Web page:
Quote:Says who? [​IMG]


    What is the norm generally for mortality rates in the first year or two?

    Excepting losses to predators should they occur and assuming past the chick stage, 0% is, imo the "rule". Losses to unknown illness or other "natural causes" past the chick stage is not "normal". It happens but those instances are the exception, not the rule and usually there is something underlying that could have prevented the losses.

    are some breeds hardier then others ?

    Yes, of course. As are some strains within breeds. But even in the less hardy breeds it is not "normal" to lose grown chickens for no apparent reason.​

    says who? apparently quite a few people have hens or roos just drop dead with no tell tale signs

    https://www.backyardchickens.com/forum/viewtopic.php?id=56681&p=1

    cases in point.
    maybe normal isn't the right word, but, i'm trying to exclude tell tale diseases and predators.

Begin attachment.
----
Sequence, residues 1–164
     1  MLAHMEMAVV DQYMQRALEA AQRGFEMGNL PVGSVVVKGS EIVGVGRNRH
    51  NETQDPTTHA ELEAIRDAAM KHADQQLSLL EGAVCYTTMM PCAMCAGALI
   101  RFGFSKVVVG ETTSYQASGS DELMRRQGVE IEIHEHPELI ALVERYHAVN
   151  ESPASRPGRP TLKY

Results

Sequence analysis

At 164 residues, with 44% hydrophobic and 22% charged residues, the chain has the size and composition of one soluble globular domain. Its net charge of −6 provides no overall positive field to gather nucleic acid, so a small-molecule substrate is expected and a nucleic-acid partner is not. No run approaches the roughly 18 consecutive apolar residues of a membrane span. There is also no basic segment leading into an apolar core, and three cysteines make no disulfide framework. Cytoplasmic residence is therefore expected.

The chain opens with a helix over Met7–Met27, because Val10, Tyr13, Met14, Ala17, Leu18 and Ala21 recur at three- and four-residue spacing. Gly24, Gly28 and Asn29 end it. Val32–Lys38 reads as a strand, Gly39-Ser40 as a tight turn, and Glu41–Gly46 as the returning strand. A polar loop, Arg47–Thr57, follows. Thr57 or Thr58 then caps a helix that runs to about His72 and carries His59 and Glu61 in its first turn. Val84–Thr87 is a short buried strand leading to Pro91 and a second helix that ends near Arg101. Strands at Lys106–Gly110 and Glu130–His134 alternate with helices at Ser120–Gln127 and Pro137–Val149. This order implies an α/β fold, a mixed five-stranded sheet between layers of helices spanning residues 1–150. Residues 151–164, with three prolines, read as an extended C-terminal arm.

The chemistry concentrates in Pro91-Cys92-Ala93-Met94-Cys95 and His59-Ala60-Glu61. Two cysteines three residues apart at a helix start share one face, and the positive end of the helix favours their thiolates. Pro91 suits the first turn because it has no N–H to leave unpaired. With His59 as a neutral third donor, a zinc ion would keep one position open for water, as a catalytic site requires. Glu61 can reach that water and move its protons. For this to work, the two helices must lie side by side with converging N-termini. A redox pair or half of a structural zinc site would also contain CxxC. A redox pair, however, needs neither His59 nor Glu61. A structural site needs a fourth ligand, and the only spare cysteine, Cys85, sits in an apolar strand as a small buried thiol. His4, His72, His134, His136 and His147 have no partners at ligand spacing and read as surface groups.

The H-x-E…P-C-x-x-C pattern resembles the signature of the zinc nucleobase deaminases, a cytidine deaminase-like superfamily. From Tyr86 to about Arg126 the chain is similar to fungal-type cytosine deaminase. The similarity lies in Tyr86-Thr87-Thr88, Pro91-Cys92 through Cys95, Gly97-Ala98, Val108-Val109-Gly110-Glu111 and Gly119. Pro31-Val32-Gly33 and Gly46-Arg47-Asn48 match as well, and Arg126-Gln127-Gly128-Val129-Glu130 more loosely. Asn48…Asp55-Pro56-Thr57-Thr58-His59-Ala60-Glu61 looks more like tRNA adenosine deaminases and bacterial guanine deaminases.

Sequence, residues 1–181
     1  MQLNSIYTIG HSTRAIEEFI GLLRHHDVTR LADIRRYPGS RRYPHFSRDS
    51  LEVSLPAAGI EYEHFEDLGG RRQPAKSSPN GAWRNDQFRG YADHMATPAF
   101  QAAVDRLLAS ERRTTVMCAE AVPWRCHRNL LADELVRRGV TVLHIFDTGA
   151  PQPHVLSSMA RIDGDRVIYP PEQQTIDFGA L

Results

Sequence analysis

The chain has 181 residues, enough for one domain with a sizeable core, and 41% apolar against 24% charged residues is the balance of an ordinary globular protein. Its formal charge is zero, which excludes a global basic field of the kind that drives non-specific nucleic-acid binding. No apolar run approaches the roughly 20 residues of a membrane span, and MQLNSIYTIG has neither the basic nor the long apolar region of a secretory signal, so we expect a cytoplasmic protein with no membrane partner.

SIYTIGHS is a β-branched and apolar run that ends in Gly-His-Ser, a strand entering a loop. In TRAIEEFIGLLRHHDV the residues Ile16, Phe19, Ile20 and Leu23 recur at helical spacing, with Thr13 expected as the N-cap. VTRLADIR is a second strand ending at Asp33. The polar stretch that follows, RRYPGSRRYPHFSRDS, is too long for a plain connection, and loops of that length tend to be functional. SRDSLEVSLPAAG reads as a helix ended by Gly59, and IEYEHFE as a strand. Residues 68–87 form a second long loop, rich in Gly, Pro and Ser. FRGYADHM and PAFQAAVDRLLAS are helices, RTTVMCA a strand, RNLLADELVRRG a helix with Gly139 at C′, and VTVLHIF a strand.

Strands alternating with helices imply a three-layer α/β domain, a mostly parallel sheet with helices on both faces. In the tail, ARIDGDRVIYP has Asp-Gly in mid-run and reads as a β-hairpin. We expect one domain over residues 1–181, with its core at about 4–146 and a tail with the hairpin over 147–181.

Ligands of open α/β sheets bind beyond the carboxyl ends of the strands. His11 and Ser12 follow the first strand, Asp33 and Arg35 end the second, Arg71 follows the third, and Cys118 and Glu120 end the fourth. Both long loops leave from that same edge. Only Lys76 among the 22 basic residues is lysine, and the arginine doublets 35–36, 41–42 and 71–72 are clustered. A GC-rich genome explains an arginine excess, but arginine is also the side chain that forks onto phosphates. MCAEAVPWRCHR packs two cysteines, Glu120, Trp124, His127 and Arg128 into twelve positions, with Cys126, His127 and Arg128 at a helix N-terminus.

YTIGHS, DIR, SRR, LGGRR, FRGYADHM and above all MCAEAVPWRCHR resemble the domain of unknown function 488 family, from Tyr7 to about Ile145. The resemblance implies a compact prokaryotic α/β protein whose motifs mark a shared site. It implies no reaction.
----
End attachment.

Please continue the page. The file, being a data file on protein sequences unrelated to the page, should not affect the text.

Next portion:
I had a hen drop dead on me a few months ago, happy healthy one minute and dead the next.

    more of a curiosity question.​
     
  5. Olive Hill

    Olive Hill Overrun With Chickens

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    Apr 19, 2009
    Quote:Says who? [​IMG]


    What is the norm generally for mortality rates in the first year or two?

    Excepting losses to predators should they occur and assuming past the chick stage, 0% is, imo the "rule". Losses to unknown illness or other "natural causes" past the chick stage is not "normal". It happens but those instances are the exception, not the rule and usually there is something underlying that could have prevented the losses.

    are some breeds hardier then others ?

    Yes, of course. As are some strains within breeds. But even in the less hardy breeds it is not "normal" to lose grown chickens for no apparent reason.​